Edgar “Eddie” Barrett, who publicized some of West Virginia University’s greatest athletes as the school’s sports information director, has died.
Barrett was the school’s publicity director from 1951-67, with the exception of a two-year stint in the United States Air Force in the mid-1950s, and during that period he promoted the likes of Mark Workman, Hot Rod Hundley, Jerry West, Rod Thorn and Ron “Fritz” Williams in basketball, and Sam Huff, Bruce Bosley, Joe Marconi, Chuck Howley and Fred Wyant in football.
The Fairmont native was introduced to the Mountaineers at an early age, his father the leader of the popular “Old Gold and Blue Orchestra” in the 1920s, and Barrett began covering WVU sports in the 1940s while still in high school working as a sports reporter for the Fairmont Times.
In 1951, Barrett was hired by athletic director Roy “Legs” Hawley to oversee the school’s publicity department while he was still a WVU student. Barrett’s elevation to sports information director at age 20 coincided with the “Golden Era” of Mountaineer sports in the 1950s under basketball coach Fred Schaus and football coach Art Lewis.
Lewis led WVU to its first major bowl appearance in the 1954 Sugar Bowl and several nationally ranked seasons in the 1950s with a roster littered with future professional football players. And Schaus steered West Virginia to six straight NCAA tournament appearances from 1955-60 behind two of the greatest players in school history: Hot Rod Hundley and Jerry West.
Barrett was well-known throughout the country for his promotional efforts, particularly in New York City where the Mountaineers frequently played basketball games at Madison Square Garden. It was Barrett who came up with the phrase “Country Slickers” to capture West Virginia’s David vs. Goliath status in the Big Apple.
“We used to get a lot of mileage out of that,” Barrett once recalled.
Barrett had great relationships with all of the heavy-hitting sportswriters of that era, including New York’s Jimmy Breslin and Dick Young.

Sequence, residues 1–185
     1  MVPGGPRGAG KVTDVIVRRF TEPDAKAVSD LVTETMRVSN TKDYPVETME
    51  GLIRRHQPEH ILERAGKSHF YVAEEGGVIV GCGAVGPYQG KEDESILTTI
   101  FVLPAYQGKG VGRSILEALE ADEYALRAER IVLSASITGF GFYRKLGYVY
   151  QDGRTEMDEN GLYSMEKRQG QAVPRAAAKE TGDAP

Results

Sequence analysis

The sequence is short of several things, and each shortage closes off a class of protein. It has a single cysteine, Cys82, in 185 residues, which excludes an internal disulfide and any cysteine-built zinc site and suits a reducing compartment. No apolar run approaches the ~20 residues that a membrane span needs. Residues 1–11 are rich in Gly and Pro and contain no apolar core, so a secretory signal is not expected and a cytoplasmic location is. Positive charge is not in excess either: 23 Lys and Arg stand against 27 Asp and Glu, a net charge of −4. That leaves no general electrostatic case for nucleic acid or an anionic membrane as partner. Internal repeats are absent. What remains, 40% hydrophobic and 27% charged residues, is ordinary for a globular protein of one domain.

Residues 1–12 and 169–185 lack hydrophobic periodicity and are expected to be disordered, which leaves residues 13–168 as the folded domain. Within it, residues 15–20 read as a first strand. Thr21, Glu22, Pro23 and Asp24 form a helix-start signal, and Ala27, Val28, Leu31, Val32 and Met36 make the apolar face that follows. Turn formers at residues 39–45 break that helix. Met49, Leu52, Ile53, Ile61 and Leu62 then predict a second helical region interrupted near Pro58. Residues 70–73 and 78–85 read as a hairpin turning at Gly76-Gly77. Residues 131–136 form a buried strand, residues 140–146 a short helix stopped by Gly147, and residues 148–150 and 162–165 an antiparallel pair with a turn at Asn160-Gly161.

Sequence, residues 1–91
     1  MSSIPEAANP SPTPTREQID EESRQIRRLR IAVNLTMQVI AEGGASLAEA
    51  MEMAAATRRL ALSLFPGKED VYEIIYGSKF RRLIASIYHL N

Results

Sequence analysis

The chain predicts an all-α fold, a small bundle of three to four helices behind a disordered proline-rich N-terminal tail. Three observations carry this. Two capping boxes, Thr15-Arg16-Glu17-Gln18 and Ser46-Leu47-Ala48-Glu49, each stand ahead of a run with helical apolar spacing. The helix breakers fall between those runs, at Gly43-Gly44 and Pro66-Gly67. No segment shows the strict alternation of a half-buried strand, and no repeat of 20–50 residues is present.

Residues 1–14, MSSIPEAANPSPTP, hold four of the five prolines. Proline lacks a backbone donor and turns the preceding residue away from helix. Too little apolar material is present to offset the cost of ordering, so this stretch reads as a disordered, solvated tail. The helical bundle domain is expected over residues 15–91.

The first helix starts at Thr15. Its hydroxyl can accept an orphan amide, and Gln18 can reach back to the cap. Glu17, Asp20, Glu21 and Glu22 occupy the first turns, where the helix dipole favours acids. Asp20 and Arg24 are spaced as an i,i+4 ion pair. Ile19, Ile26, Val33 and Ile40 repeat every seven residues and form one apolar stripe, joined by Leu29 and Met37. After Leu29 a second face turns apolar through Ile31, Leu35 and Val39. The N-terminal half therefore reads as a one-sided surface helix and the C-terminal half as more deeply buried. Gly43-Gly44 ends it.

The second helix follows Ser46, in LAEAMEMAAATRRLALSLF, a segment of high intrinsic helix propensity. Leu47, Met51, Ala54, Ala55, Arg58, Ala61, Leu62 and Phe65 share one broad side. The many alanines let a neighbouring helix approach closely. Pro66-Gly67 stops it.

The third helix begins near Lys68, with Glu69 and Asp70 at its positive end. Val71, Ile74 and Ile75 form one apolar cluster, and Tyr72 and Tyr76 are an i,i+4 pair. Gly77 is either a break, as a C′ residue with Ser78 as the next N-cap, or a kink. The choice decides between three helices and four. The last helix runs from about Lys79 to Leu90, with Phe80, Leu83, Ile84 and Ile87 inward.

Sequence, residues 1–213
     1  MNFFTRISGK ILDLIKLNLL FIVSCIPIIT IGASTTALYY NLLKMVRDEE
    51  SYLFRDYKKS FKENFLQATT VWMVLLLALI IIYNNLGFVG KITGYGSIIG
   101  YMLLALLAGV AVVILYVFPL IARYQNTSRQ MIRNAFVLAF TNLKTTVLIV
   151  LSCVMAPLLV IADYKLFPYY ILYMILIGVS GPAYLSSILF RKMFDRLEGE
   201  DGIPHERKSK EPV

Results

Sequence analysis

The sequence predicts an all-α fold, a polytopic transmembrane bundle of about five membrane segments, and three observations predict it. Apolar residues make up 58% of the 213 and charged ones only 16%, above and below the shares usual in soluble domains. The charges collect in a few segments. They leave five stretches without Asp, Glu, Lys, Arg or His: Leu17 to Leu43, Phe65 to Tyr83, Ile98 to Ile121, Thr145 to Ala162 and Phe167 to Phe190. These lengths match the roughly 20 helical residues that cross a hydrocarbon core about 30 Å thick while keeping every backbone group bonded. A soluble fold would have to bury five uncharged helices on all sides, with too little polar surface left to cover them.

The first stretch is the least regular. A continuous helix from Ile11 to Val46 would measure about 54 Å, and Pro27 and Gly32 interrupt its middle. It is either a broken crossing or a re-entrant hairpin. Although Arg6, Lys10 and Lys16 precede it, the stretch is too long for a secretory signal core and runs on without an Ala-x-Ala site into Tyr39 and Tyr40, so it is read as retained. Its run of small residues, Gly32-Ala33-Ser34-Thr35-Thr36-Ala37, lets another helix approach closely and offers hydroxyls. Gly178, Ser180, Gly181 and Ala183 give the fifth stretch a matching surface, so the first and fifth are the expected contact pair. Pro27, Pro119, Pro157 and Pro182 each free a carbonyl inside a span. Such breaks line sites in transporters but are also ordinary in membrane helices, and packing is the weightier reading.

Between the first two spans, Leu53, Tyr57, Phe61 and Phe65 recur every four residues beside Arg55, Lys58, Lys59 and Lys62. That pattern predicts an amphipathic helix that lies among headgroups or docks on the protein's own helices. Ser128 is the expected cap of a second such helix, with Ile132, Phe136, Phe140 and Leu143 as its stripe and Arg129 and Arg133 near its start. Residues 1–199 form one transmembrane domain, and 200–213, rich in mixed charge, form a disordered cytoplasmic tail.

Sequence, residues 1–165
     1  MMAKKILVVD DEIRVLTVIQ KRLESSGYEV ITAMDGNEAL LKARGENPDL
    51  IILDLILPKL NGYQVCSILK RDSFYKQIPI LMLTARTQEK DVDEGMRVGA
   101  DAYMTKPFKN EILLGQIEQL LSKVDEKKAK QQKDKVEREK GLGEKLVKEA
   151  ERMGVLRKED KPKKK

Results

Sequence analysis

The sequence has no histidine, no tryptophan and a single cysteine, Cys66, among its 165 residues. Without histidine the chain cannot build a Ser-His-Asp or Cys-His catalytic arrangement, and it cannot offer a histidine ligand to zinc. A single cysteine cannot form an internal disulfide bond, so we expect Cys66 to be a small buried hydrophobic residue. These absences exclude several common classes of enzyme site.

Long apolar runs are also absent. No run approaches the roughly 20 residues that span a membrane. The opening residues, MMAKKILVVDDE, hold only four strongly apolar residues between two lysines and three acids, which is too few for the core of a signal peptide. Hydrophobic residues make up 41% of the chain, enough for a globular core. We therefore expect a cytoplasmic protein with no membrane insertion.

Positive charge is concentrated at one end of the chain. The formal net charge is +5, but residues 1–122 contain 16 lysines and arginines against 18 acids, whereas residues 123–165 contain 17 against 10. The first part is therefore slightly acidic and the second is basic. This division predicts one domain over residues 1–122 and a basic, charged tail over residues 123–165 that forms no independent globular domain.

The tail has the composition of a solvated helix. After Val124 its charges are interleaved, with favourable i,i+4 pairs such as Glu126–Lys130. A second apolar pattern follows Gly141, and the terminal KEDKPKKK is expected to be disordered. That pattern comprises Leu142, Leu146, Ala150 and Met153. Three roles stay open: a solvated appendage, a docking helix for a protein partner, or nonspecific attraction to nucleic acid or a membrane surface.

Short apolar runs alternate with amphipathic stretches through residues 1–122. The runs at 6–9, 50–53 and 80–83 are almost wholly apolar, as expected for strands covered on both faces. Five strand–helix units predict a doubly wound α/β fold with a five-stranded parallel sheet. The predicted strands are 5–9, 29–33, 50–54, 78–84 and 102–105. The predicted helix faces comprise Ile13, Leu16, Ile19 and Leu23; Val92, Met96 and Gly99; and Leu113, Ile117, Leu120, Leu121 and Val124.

“When I was 21 years old and we beat NYU in 1952 and they were undefeated, every sportswriter in the city gathered around me after the game,” Barrett recalled. “Dick Young told me that West Virginia and Kentucky have the two best reputations in college basketball. And it was true.”
“Eddie knew everybody,” said Gary McPherson, who played against WVU while at Washington & Lee before later joining the Mountaineer basketball staff as an assistant coach.
The one nut Barrett couldn’t crack, however, was Sports Illustrated. He tried in vain to get the magazine to profile Jerry West but Jeremiah Tax, SI’s college basketball writer then, refused to come to Morgantown because it was too difficult to get to in the late 1950s.
“(West) did not make the cover of Sports Illustrated until the mid-1960s when he was in the pros,” Barrett once recalled. “I remember in the 1959 NCAA championship game Jerry Tax was openly for California and Pete Newell. He idolized Pete Newell. I was down there with him at press row and I thought that was just awful.”
In addition to his outstanding work with the major Northeastern media outlets, Barrett also developed many great relationships with the Southern newspapers that covered the Mountaineers when West Virginia was a member of the Southern Conference.
“The Southern Conference writers – Charlotte Observer, Charlotte News, Richmond Times-Dispatch, Norfolk Pilot – they were our main outlets to the nation,” Barrett explained.
Barrett held his own in enemy territory, too. That of course being Pittsburgh.
“I would advance the Pitt game by going to the Pittsburgh newspapers a day ahead,” Barrett said. “We were always well received. There were good feelings and good relationships there. I made sure our coaches knew the difference between the Pitt Panthers and the Pittsburgh media. Those are two entirely different things.”
But it was his relationships with the local writers of that era – Shorty Hardman, Dick Hudson and Skip Johnson in Charleston and Tony Constantine and Mickey Furfari in Morgantown - where Barrett formed the closest ties.